DAM system deep dive: Unique ID codes & filenames
We’ll assume you know what filenames are, since they have become constant in our professional and personal lives. The term “unique ID codes” may be unfamiliar, though, especially if you’re fairly new to the world of digital asset management. Actually, unique ID codes are a critical component to most people’s lives, and in the world of DAM software they keep your system running efficiently and your digital assets organized.
At first glance, unique ID codes and filenames might seem like the same thing. But there are marked differences. In this article, we’re going to take a close look at both unique ID codes and filenames, clearly defining both in the process. We’ll also identify their differences and discuss best practices that can help you use each to their fullest potential.
What are unique ID codes?
Although the term “unique ID codes,” may not be familiar, they’re actually something most people use on a daily basis. In the analog world, unique ID codes include your phone number, email address, social security number, zip code, license plate, and credit card number. In essence, it’s exactly what it sounds like — a unique code comprised of numbers and/or letters that are one-of-a-kind.
In the examples mentioned above, there’s a mix of auto-generated and user-generated codes. Setting up an email account or choosing a custom license plate are examples of user-generated codes. You enter your preferred code, in this case the email address or plate information, and the system tells you if it’s available or taken.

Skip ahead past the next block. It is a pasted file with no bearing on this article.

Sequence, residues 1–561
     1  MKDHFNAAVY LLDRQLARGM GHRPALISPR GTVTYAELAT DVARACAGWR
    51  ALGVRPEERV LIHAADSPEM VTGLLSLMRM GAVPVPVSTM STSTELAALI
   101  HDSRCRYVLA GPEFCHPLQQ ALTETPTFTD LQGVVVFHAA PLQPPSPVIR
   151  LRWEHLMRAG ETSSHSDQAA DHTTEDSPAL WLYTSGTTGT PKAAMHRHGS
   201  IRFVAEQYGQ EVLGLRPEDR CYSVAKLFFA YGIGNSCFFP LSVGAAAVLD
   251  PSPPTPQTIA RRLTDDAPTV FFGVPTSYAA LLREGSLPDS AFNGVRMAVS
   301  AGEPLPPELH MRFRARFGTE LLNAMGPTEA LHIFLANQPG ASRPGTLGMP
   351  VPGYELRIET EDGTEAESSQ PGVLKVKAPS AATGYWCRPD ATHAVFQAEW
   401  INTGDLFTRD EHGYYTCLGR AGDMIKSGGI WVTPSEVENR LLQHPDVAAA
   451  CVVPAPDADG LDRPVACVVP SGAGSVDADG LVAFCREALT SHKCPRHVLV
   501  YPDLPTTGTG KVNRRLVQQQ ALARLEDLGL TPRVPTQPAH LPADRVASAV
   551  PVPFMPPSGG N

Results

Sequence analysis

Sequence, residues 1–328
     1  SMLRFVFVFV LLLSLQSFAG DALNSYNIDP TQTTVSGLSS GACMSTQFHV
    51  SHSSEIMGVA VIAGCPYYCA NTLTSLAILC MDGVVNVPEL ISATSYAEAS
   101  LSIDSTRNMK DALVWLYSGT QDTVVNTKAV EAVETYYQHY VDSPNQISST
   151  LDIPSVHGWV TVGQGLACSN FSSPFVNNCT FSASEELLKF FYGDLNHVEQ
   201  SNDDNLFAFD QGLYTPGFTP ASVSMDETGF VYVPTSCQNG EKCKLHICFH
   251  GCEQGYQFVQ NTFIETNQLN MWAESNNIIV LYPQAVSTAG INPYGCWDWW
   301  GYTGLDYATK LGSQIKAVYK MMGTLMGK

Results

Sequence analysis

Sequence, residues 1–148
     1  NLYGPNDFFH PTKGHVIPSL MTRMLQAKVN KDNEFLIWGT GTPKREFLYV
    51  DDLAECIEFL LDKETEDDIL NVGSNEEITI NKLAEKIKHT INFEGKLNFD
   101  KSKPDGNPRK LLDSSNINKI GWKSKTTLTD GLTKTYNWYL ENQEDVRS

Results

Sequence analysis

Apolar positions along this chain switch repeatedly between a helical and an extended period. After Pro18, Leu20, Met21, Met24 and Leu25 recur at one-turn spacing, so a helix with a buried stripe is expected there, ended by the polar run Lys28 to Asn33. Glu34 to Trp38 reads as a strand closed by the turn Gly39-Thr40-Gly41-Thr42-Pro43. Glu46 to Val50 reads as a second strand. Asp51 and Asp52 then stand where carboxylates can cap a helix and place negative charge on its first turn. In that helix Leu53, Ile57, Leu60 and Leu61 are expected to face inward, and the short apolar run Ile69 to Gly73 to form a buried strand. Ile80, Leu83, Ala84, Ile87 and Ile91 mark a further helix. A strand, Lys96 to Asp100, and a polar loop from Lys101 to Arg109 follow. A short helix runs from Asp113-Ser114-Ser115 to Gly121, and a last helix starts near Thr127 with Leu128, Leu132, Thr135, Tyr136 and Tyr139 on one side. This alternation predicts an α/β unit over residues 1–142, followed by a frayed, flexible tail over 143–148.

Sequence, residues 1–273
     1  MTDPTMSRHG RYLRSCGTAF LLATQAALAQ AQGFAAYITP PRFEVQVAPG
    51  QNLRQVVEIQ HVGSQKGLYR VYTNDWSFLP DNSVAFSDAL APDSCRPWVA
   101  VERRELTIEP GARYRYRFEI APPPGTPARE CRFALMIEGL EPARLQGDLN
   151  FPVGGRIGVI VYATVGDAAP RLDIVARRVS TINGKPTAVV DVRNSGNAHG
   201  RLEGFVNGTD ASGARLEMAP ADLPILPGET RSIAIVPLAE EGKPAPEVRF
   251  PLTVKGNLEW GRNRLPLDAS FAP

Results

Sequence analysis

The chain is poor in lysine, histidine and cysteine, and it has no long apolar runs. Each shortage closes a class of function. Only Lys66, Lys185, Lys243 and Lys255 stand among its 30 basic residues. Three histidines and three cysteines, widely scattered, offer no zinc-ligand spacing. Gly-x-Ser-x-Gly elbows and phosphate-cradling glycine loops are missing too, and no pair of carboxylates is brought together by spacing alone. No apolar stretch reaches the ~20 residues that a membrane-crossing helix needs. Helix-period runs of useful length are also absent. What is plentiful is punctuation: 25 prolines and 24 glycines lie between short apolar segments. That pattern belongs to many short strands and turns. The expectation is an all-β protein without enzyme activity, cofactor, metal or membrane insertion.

Although some DAM software has this type of functionality, there’s really no room for user-generated unique ID codes in your digital asset management system. Why? Because every digital asset — whether it’s imagery, video, audio or documents — absolutely must have its own unique ID code. Once you have more than one user, the potential of creating duplicate ID codes rises.
Duplicated ID codes can cause confusion and lost time in an organization. One of the functions of your DAM system is to help you avoid these types of problems, which is why any solid system should auto-generate unique ID codes. That way there’s no chance of a duplicated ID code.
Unique ID codes allow digital asset managers to accurately track an asset through their DAM system. Since ID codes are infinitely expandable, you won’t run into problems if you need to scale your digital asset management system up down the road. This is why it’s so important to qualify whether or not DAM solutions you’re considering have the ability to auto-generate unique ID codes.
DAM systems that don’t have this capability usually encounter problems because of human naming convention limitations — especially when you’re dealing with multiple users. Plus, a system without auto-generated unique ID codes can be a true nightmare when it comes to versioning assets. In addition, handling metadata on a large-scale is much easier, and less time-consuming, when every digital asset has its own unique ID code.
Just as important as these auto-generated codes, are the filenames associated with your digital assets. Unlike unique ID codes, these should absolutely NOT be auto-generated for a multitude of reasons …
Filename use within your DAM system & your SEO efforts
Over the years, we’ve seen filenames misused, under-used, or completely ignored. Yet the filename holds incredible power within your digital asset management system, as well as in your website, blog, and social media efforts.
DAM system filenames
Well-composed filenames in your DAM system are part of your metadata, which helps you locate digital assets or asset groupings.